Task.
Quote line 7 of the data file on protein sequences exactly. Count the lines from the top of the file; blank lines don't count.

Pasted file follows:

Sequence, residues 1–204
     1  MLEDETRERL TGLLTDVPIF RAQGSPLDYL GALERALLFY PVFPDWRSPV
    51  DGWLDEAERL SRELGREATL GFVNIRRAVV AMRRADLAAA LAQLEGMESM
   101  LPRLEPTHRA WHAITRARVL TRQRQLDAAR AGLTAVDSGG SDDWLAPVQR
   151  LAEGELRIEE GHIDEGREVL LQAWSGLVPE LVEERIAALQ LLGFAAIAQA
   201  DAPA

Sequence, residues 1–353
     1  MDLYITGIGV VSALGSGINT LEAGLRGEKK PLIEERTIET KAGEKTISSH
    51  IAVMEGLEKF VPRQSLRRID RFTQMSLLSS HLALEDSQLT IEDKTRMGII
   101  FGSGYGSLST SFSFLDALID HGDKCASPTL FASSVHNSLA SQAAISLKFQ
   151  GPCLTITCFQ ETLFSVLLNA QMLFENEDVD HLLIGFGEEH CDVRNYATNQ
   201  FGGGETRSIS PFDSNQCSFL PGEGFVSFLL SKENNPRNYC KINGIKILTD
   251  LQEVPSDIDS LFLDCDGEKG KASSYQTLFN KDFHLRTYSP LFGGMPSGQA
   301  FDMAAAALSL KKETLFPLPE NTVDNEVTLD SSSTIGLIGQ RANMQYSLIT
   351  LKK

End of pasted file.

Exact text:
Sequence, residues 1–353